I recall during one of my daughter’s hospital stays, when her white cell counts were dangerously low, I had to repeatedly remind one of the nurses to wash her hands before tending to Caroline. One of the first things one learns when working on a pediatric oncology ward, I think, is to wash one’s bloody hands. They even install a handy antibacterial foam dispenser by the doorway to each patient’s room, to make the essential action easier. Still, I had to tell Nurse Menace to wash her hands. I also had to tell one of her colleagues that one musn’t flush Neupogen with saline, but must use sterile water, or else the effectiveness of the medicine is diminished. I’m not an oncologist, but I learned this because I had a considerable stake in getting it right. One would think the same were true of the nurses.

Mistakes like these, when combined with other sloppy behavior commonplace in hospitals (and elsewhere), kill people. What’s maddening is that these Typhoid Mary’s usually have no clue when their negligence contributes to illness or death. Like the witless Chevy driver on that stretch of Kentucky highway, they survey the wreckage behind them and go on about their business with a cluck of the tongue and a shake of the head: Oh well, accidents happen. Tough break.

Sure, accidents happen, and for the non-Reformed life is full of happenstance. But much of what happens has a human component, and frequently, I suspect, a component of human error. This is why insurance companies find it prudent to raise rates on customers who submit a claim for an accident. They have found that statistically, such people are significantly more likely to be involved in future damage. This is likely to elicit howls from some readers. How can it by my fault, after all, when someone runs a red light and broadsides me? Or when, while working on my garage roof, a weak beam gives way and I fall through?

Indeed. To the Oblivious Menace, these are real posers. To the rest of us, there are a thousand ways the careful person avoids such accidents. That is not to say, mind you, that we have some culpability for every accident that befalls us. But there is a wide stretch of culpability remaining between clear malfeasance and accidents that do not leave one legally liable.

The most disturbing thought is that I — or more likely, one of you; I self-monitor to a pathological degree — may be an Oblivious Menace in some walk of life. It’s that Oblivious part that may be keeping us from recognizing it. I imagine it all turns on self-awareness; most of us pay a modicum of attention to the impact our behavior has on our surroundings, others can’t see the world in any but solipsistic terms. With that in mind, I propose a test to determine whether someone is an Oblivious Menace. Before you hire someone, or let him drive your children about town, sit him down and talk to him for five minutes. If I’m right, and the root cause of Menacing Obliviousness is extreme self-centeredness, then an Oblivious Menace will likely be one of those people who turns the conversation to himself (and this is one instance where I think it is imperative to supplement with “or herself”) regardless of the topic or context. You say you are getting tested for cancer, the Oblivious Menace will start talking about the time he had to be tested for Lyme disease (never mind that it turned out negative, what’s important is that he tell you how he feels). Mention that you just got promoted, and the Oblivious Menace will start prattling on about some mundane aspect of his own job.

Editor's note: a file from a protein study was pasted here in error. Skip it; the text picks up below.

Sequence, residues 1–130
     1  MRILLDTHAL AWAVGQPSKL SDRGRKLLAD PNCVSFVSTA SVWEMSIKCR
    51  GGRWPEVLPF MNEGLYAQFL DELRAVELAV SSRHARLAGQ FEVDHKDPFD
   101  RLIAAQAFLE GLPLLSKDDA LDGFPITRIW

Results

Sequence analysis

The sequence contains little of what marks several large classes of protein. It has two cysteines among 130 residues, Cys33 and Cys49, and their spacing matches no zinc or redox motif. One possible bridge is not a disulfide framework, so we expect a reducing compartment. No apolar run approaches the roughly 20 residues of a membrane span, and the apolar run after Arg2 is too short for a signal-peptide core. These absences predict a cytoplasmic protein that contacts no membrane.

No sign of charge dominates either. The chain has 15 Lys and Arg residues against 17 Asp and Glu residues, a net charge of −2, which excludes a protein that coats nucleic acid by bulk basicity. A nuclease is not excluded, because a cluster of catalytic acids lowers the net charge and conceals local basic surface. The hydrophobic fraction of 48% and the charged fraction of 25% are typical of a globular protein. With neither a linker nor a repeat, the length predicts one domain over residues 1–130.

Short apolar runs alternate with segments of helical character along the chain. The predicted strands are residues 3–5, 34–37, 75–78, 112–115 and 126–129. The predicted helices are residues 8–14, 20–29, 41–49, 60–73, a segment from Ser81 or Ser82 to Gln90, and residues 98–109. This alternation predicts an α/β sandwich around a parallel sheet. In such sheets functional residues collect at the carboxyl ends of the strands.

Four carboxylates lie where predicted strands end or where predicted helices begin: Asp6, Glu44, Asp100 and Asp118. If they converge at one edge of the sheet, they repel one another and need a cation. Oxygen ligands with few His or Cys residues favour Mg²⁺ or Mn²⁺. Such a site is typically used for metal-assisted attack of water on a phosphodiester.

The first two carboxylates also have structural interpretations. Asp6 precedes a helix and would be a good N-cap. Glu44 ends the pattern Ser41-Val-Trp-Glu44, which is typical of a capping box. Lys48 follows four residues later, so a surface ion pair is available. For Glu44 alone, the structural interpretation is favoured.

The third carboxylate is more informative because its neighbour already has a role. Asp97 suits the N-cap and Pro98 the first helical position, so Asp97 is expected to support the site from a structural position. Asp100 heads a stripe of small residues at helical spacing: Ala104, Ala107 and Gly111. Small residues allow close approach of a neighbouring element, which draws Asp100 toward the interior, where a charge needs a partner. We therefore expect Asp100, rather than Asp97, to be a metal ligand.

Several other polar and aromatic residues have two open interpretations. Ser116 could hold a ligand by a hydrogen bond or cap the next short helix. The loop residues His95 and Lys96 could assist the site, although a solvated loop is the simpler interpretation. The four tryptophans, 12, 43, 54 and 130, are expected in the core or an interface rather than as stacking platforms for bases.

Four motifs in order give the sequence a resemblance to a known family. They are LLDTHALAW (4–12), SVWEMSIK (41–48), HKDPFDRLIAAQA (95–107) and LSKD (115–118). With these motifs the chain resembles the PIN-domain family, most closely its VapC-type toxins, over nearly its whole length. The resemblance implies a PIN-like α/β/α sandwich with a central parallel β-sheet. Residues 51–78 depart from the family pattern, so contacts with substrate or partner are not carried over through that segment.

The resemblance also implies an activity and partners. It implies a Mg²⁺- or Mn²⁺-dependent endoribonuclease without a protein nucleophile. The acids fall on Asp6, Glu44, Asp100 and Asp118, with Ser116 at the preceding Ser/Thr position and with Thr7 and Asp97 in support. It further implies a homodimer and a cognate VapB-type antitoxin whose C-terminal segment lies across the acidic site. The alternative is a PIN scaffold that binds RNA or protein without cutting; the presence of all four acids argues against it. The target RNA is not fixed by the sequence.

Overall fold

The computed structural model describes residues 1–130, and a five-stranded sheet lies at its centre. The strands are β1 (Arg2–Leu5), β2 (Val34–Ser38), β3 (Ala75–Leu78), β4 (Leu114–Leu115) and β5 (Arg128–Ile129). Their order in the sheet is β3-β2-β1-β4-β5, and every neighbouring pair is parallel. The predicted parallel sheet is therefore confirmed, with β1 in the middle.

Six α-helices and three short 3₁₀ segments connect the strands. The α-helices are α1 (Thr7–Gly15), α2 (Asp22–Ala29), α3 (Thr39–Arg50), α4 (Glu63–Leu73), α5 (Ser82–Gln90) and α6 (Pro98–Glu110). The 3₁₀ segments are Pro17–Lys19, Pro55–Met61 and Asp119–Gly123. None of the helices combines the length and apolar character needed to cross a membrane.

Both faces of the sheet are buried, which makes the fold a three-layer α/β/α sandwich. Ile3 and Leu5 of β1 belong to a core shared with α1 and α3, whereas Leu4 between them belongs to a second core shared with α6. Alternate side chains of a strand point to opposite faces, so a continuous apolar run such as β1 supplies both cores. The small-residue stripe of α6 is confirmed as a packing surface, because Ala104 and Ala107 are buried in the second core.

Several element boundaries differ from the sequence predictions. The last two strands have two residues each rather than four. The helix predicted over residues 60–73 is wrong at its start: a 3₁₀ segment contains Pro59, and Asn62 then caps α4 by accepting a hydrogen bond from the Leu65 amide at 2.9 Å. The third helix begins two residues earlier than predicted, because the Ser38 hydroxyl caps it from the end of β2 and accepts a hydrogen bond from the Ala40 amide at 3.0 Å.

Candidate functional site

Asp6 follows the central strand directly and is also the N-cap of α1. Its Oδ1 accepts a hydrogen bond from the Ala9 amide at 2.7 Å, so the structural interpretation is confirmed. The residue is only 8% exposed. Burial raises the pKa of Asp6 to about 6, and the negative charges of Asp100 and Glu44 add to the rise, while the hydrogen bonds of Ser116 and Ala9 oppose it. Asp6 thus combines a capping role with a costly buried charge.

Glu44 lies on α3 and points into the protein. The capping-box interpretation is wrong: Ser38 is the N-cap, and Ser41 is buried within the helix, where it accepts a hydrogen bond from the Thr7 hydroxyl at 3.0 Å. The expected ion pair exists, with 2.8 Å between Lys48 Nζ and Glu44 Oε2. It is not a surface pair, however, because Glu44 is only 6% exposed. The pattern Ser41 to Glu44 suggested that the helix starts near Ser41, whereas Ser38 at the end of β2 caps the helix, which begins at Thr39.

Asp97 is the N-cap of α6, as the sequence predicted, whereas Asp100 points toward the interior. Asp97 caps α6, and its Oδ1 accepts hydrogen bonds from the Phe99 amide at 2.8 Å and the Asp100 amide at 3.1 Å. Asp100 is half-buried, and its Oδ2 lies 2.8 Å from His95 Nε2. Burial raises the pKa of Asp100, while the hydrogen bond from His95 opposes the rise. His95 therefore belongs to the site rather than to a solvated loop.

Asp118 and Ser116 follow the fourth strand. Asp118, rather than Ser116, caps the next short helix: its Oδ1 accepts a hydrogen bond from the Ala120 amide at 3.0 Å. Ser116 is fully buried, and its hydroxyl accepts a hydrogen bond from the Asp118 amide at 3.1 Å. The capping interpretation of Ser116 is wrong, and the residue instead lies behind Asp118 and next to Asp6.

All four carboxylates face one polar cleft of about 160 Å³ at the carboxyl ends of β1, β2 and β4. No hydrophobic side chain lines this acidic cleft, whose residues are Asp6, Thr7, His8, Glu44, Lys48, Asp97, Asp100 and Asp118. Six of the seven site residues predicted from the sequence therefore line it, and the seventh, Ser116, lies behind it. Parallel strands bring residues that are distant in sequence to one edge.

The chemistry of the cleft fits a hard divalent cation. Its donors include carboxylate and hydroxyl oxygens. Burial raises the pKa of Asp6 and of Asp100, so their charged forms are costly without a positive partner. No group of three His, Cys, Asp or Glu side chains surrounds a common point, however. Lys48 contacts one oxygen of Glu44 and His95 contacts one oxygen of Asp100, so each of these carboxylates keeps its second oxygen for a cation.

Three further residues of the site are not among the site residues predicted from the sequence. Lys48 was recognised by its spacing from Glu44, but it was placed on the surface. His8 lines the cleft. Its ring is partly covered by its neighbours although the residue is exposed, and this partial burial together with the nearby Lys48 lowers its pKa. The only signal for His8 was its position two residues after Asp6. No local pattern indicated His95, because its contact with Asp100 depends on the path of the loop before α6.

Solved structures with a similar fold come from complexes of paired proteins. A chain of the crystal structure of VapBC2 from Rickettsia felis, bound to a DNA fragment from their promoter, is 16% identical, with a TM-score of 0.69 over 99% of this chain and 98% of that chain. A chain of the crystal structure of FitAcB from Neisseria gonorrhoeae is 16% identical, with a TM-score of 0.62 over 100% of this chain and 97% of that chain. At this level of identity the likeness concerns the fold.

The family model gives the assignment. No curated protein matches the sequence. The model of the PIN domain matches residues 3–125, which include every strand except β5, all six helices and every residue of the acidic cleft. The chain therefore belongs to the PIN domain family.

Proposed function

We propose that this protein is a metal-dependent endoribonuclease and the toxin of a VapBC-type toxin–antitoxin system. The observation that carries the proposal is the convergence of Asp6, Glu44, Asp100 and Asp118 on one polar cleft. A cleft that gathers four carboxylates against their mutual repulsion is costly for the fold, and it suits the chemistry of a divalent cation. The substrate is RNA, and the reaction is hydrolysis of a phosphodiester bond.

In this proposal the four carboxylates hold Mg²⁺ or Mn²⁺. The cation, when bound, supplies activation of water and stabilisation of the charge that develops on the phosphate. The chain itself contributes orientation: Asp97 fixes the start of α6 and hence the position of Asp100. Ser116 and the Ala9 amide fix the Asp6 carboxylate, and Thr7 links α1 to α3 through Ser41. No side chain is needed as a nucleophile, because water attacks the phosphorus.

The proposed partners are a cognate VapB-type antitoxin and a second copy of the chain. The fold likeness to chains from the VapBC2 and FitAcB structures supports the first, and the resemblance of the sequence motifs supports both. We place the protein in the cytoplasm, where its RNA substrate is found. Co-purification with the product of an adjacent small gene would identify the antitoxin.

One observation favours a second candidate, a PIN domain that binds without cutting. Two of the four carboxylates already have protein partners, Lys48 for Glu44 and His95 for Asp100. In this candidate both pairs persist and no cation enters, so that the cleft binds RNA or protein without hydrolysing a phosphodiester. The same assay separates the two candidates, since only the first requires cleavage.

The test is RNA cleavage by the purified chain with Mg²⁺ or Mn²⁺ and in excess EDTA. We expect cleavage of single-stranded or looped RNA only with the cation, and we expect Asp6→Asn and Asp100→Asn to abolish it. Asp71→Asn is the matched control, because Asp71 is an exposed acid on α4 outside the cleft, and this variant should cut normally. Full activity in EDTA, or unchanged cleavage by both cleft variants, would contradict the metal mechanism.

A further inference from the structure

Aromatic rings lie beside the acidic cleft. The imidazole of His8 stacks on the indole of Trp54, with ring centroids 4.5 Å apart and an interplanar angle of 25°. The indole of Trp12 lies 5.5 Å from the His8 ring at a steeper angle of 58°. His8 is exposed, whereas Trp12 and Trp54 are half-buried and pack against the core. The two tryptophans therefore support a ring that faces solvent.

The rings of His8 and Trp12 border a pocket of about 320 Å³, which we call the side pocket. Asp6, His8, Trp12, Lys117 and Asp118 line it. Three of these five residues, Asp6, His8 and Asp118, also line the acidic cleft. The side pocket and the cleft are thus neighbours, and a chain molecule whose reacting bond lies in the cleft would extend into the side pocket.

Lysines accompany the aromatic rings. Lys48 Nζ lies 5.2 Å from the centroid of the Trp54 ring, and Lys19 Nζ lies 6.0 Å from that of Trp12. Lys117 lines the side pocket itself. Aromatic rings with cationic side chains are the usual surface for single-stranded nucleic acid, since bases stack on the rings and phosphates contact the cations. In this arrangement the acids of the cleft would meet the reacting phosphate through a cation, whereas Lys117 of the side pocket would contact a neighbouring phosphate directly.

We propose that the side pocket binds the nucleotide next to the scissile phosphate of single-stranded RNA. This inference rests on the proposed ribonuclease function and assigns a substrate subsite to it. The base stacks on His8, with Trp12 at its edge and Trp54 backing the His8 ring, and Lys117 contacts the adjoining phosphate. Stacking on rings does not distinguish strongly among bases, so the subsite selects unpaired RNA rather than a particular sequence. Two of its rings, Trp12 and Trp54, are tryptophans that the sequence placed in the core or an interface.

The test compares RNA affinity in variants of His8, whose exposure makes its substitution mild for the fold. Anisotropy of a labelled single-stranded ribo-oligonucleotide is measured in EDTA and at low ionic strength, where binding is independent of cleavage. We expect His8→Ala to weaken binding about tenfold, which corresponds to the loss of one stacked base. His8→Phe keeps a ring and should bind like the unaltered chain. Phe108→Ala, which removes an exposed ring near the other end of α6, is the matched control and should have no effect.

My prediction, in short, is that the Oblivious Menace is not just a physical menace, but a conversational one as well. Rather than seeing the world, he sees himself in it. He lives, as we used to say of a friend who I’ll call “Terry,” in a Terry-centric universe. And in the end, I think this is by far the worst type of menace, because while life will always have physical hazards, people-imposed tedium shouldn’t be one of them. As Clint Eastwood’s character said in Heartbreak Ridge,“You can beat me, you can rob me, and you can kill me, just — don’t — bore me.”

Sand in the Gears
September 23, 2002

© Anthony Woodlief 2002. Used with permission.

   
         
    Webpage ELC 2002    



 Volume 2.7 This View’s Guest Column October 21, 2002 





The View from the Core, and all original material, © E. L. Core 2002. All rights reserved.

Cor ad cor loquitur J. H. Newman — “Heart speaks to heart”